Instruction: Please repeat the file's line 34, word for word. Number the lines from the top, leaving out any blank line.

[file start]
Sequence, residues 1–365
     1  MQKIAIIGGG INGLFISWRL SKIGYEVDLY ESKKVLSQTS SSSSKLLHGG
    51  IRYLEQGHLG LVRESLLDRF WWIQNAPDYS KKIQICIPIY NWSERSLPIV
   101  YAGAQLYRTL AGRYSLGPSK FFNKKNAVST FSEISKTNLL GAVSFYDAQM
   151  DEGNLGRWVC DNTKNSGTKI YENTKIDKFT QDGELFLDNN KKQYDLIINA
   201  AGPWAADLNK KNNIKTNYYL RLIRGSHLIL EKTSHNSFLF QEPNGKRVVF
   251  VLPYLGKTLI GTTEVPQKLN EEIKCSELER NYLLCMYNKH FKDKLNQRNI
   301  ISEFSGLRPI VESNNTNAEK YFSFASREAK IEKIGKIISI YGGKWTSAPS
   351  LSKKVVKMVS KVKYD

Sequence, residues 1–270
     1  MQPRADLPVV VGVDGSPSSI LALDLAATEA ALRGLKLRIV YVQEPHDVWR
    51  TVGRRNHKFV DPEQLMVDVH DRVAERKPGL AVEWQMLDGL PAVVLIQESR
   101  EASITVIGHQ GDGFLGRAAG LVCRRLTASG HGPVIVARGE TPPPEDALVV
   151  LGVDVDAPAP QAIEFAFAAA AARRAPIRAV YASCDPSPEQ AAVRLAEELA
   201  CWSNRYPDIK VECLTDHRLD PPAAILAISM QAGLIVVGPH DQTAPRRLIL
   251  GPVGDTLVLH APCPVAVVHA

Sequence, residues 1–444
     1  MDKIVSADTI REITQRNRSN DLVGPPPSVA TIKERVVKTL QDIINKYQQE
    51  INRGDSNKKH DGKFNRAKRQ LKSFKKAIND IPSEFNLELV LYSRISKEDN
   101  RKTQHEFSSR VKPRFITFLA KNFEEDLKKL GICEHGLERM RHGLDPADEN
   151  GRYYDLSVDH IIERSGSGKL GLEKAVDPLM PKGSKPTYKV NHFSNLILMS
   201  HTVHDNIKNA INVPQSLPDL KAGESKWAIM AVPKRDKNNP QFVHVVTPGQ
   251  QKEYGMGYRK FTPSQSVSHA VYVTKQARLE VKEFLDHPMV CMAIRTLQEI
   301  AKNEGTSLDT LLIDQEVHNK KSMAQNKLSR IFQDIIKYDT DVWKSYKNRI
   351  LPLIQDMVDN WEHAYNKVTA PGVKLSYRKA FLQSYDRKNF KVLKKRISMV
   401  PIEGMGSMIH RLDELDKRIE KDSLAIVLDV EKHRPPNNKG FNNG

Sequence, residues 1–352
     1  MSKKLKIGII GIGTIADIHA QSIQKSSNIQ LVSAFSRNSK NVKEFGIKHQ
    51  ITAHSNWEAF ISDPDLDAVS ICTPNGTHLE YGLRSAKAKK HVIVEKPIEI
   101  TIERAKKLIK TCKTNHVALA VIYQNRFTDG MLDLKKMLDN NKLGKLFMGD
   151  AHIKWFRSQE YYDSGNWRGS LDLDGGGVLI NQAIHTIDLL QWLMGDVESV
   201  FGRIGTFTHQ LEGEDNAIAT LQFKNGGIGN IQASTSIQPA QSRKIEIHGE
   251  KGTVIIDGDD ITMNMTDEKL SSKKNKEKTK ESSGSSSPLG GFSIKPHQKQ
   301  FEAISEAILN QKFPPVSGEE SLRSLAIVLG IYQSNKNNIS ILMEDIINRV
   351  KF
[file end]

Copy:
   301  FEAISEAILN QKFPPVSGEE SLRSLAIVLG IYQSNKNNIS ILMEDIINRV